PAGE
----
Property Review: WandaVision

The art of grief and coping is on full display in wacky WandaVision

What would you do if the love of your life died? Wanda Maximoff tells us a tale of the lengths one would go in their loss and resulting grief, and there isn’t a way to safely say we don’t agree with her without sounding murderous. But, alas, we do agree with her wholeheartedly.

Over the course of nine episodes of Disney Plus’ first series, WandaVision is fleshed out and dissected, giving you glimpses of the truth behind the Westview Hex and the character of Wanda Maximoff. The titular Wanda has been a beacon of strength with her Chaos magic, having had a major hand in taking down Thanos after returning in the Blip (editor’s note: As seen in Avengers: Endgame). But once the battle is over and life begins to return to normal, we see that Wanda isn’t making that transition. Her grief at losing The Vision (editor’s note: As seen in Avengers: Infinity War) is too much for her to endure. She’s already lost so much – her parents were killed in her childhood, and her brother Pietro died fighting Ultron – and there hasn’t been any time to recover and regroup. This manifests itself in the Westview Hex, a casting field that covers an entire town and changes the residents to Wanda’s version of sitcom characters. Enter S.W.O.R.D., an agency looking into the Westview Hex anomaly.

How Wanda manages to create the hex is fascinating and is the key to the show. She manifests her grief into an entirely tangible version of The Vision, who exists so long as he doesn’t leave the hex, as well as fully corporeal twin sons with Vision. The powerful grief that she experiences is enough to warp reality and is a pointed display of her real power level. It’s subtle pieces of a sitcom-soaked pie that drew us in and made us take notice of the Scarlet Witch and her absolutely terrifying ability to potentially destroy the MCU at a moment’s notice. We got a glimpse of it during her terrifying rematch with Thanos in Endgame, but here it’s made plain that what we saw was just a taste of things to come.

And what we got was delicious. WandaVision is fantastic in taking the sitcom tropes and making them a nice trip down memory lane. If you grew up watching TV of any kind, you’ll immediately notice the different shows represented in the eras Wanda and Vision live in. Homage is paid to sitcom juggernauts like the Dick Van Dyke Show, The Brady Bunch, Family Ties, Malcolm in the Middle and Modern Family. These are good shows and the type of thing you want to ape from when it comes time to ape.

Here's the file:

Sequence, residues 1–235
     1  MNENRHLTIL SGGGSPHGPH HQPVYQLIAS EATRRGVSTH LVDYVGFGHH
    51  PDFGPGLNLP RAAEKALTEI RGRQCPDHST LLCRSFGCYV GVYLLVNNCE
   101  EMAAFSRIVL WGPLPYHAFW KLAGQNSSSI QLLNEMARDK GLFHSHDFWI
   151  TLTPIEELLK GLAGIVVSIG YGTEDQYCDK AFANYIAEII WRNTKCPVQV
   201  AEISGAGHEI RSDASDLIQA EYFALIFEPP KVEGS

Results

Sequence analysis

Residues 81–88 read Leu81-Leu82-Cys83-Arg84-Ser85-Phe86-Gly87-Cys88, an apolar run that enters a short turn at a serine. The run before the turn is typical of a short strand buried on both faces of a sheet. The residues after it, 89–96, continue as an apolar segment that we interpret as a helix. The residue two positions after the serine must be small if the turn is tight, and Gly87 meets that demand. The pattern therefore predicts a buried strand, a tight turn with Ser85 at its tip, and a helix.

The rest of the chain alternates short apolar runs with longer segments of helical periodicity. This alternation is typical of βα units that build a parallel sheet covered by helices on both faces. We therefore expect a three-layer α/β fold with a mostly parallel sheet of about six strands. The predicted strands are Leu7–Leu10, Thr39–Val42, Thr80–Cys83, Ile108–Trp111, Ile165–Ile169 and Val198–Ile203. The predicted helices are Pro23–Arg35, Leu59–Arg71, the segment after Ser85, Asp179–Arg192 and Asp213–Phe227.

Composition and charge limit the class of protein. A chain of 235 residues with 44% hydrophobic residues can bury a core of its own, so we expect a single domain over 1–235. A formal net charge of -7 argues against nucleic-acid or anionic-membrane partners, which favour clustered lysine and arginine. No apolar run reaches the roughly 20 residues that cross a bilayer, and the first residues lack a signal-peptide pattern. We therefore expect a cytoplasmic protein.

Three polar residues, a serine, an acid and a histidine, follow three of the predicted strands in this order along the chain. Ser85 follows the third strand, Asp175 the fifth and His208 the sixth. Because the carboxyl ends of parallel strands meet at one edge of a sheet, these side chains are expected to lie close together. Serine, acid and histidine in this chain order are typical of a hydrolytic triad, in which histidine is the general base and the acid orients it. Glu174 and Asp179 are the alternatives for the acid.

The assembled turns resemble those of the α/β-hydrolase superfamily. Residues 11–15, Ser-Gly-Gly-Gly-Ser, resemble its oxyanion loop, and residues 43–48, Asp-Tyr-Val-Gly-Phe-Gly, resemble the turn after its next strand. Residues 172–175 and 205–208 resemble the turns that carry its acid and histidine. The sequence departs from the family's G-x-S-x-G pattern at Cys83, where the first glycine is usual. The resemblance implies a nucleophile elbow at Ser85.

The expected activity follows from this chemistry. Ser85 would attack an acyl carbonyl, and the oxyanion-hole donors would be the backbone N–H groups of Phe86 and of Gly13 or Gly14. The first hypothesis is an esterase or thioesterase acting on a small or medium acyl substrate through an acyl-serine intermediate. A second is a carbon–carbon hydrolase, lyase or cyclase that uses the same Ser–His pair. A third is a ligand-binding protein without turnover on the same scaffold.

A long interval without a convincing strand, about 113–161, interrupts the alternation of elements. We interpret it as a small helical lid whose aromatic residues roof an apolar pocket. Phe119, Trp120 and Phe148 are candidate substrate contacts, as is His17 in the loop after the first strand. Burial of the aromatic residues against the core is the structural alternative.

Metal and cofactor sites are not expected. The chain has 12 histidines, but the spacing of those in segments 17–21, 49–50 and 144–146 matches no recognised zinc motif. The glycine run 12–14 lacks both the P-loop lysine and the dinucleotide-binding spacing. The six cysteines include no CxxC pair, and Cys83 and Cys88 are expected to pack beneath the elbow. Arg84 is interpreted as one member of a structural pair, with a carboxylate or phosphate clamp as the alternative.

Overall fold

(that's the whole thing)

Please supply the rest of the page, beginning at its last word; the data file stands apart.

And another thing they aped was the tight writing and direction of those bygone shows. Despite the wacky premise, everything works here. The writing makes you feel for all of the characters involved, and it’s great to see new faces alongside older side characters from MCU film properties. The best thing about the show is the acting, however. Elizabeth Olsen and Paul Bettany shine as Wanda and Vision, respectively. They take the lead, and you fall in love with their characters and relationship even more with smart characterization and spot-on acting. Also, standout performances come from Teyonah Parris, Kat Dennings and Randall Park, who make the confusion of the Westview Hex and the mystery behind its existence easy to relate to with humor and curiosity equally woven amid the craziness of a hex. The young children of Wanda and Vision – Billy and Tommy – are portrayed excellently and earnestly by Julian Hilliard and Jett Klyne. And, we would be remiss to not take a moment to give a note of standout performance to scene-stealer Kathryn Hahn as Agatha Harkness. We can’t wait for the Agatha spinoff because of what we’ve seen here.

Despite a small hiccup at the end of the series with the red herring Mephisto references, we were pleasantly surprised and highly pleased with WandaVision. The touch of magic the show brought to the MCU was much needed and provided a nice re-introduction into Marvel TV with a promise of more to come for our favorite witch and android couple. We’ll definitely have our wand at the ready.

Like the comics: 8
Acting: 10
Story: 10
Total: 28/30 or 9.3

We score the properties in three categories: Casting (or voice acting in cases of animated), plot and similarities to its source material. Each category receives points out of the maximum of 10 per category and 30 overall. The percentage is the final score.

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